In 1946, during WWII, a U.S. soldier, Joseph Langdon (John Ashley), stationed in the Philippines, has been designated a traitor, murderer, rapist and thief.  He escapes into the jungle but ends up slowly dying of starvation.  He is approached by Satan (Vic Diaz).  Satan offers him life if he vows to serve the Prince of Darkness. 

Current day, Langdon is reincarnated into the body of Phillip Rogers.  Rogers is an American businessman who, with his wife Julia (Mary Charlotte Wilcox) and his brother Earl (Ken Metcalfe), are currently living in Manila.  Rogers had suffered from an industrial accident that mangled his face and resulted in his supposed death.  When Julia and Earl go to say their final good-byes, they find that Phillip is alive.  What they don’t know is that his body is being taken over by Joseph Langdon.

Julia and Earl see that Phillip is different than before the accident.  Julia believes that with love and patience she can overcome Phillip being emotionally distant.  Phillip tries to exert his personality, but Satan has other ideas.  When Phillip experiences strong emotions, he turns into a vicious, murderous beast.  As the monster, he is impervious to bullets and is super strong.  Phillip runs around at night killing anyone he comes across.  He tears out their throats with his teeth.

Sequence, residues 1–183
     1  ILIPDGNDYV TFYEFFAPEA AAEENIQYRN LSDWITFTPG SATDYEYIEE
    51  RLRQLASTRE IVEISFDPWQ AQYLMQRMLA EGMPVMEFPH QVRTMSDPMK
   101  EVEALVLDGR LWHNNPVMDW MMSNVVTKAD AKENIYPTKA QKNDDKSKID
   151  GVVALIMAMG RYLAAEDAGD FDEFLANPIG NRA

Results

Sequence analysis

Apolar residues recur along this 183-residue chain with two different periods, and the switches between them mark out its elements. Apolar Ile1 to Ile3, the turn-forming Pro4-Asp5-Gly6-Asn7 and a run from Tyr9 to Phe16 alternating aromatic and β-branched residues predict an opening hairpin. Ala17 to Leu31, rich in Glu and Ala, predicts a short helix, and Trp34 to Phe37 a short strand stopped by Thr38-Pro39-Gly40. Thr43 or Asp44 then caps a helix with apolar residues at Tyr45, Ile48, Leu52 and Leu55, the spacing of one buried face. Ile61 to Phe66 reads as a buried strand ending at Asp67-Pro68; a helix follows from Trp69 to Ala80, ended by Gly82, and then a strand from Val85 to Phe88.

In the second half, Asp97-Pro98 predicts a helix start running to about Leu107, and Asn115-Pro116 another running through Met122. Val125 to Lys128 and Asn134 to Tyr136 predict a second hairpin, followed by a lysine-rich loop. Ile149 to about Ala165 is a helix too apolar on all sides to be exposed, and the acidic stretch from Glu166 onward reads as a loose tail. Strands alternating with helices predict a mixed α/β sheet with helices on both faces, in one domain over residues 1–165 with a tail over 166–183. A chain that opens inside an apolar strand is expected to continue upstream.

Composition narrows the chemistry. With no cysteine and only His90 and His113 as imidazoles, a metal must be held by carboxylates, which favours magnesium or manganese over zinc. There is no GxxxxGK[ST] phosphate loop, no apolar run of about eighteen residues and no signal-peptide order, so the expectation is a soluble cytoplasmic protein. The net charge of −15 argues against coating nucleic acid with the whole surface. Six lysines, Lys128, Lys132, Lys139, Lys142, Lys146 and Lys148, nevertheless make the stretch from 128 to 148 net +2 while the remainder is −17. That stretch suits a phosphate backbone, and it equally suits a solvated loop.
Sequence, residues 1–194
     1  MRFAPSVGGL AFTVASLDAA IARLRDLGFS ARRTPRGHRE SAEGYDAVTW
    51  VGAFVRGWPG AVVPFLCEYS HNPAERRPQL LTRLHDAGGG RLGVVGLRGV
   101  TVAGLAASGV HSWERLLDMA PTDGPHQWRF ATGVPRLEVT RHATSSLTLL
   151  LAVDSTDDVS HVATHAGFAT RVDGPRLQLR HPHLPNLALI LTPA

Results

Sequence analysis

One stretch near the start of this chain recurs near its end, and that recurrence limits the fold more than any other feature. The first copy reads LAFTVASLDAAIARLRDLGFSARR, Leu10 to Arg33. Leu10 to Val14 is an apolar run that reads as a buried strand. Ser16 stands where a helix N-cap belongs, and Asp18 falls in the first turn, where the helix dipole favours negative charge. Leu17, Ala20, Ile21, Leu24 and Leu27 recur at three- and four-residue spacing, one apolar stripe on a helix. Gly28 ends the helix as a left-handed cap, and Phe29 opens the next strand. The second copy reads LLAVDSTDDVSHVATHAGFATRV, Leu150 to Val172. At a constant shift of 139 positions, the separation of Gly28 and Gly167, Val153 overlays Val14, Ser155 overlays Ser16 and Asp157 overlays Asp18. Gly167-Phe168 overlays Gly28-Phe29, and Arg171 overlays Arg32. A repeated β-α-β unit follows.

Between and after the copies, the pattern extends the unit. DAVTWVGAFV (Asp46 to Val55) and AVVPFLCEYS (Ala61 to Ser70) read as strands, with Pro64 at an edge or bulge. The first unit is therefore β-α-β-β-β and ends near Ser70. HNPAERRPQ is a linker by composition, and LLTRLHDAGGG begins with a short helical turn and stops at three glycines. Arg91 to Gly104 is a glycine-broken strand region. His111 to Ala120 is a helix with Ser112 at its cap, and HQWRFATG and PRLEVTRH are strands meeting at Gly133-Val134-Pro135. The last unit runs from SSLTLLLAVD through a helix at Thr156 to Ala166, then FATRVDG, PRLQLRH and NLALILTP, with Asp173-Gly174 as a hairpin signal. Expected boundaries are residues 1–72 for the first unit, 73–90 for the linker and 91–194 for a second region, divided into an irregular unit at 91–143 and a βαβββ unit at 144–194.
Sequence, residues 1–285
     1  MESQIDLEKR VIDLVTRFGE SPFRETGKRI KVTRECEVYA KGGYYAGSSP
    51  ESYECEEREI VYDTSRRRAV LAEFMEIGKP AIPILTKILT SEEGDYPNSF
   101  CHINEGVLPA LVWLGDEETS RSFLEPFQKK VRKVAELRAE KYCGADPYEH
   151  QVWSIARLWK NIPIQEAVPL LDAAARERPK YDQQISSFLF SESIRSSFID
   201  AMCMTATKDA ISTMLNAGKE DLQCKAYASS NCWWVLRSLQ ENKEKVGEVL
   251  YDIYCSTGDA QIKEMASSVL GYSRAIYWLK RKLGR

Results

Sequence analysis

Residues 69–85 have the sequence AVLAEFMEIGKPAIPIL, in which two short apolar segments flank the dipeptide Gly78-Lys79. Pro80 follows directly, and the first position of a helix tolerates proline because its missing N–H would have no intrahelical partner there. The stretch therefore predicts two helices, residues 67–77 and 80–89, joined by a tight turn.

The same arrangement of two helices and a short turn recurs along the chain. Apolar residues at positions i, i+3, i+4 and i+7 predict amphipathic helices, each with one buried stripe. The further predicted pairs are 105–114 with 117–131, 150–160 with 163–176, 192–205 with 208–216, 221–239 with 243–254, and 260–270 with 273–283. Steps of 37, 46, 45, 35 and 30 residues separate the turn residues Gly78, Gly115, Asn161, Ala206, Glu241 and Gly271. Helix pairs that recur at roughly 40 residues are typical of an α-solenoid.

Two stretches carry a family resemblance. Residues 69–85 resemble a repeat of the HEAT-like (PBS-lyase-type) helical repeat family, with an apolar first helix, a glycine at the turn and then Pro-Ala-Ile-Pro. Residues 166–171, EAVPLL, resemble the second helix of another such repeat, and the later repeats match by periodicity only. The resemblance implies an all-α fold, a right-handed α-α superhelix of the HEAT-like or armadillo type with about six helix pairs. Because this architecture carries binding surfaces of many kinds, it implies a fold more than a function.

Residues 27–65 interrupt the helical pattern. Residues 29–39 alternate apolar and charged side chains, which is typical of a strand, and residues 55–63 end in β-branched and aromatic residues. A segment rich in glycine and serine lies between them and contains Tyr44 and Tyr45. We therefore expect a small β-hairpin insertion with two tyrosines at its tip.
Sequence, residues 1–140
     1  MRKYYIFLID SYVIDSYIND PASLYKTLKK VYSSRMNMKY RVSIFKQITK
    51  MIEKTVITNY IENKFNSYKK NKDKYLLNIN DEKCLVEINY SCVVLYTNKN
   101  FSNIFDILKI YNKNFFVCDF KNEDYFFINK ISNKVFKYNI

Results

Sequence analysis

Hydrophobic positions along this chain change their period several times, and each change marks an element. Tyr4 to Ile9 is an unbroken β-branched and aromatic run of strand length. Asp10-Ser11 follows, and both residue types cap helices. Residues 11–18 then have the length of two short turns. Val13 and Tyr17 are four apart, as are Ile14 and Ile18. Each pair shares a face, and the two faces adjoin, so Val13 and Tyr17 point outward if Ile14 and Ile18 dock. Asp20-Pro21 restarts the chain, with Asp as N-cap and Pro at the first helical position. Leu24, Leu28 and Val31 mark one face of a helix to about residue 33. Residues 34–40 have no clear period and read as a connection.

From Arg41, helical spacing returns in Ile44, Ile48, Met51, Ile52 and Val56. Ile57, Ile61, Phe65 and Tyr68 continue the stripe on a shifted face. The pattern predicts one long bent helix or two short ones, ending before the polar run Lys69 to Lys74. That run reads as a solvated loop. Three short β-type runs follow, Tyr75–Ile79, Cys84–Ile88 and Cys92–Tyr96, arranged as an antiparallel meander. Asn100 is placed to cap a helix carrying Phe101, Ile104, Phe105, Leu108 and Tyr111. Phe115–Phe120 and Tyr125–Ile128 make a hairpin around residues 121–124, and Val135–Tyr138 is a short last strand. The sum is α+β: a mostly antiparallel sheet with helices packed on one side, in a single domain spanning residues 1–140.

“Beast of the Yellow Night” AKA “Beast” was released in 1971 and was written and directed by Eddie Romero.  It is an American horror movie produced by Roger Corman.  The film was a co-production between America and the Philippines.  It is a Filipino exploitation film and one of several films that Corman did in the Philippines.  It is also one of the milder Corman-Filipino films.   

For a while, once he begins killing, it is your standard monster run amok movie.  Ashley turns into a beast that is not quite werewolf.  He is more ‘Blue Meanie’ than anything else.  It wasn’t the best monster, but it was OK.  The movie is short on blood and gore but long on philosophical musings.  It starts out a little confusing. 

According to the story, Satan used Langdon to take over the bodies of others in order to get them and those around them to sin.  After possessing people for 25 years, he is put into the body of Phillip Rogers.  This time Rogers looks like Langdon, supposedly a result of the trauma to his face.  Langdon then starts to exert his will over Phillip or something like that.  Apparently, the emotional conflict triggers him to turn into the blue monster.  The explanation adds more confusion to the story and raises questions that are never answered.

I also had some issues with how the story was laid out.  Some of the dialogue is a little talkie.  It makes the film seem more of a melodrama than a horror movie.  Phillip turning into a beast looked like a subplot and not the main point of the film.  All in all, it felt as if something was missing.  The horror part of the horror story was muddled by the philosophical aspects of the film.  It made the movie drag a little which made it a little boring.

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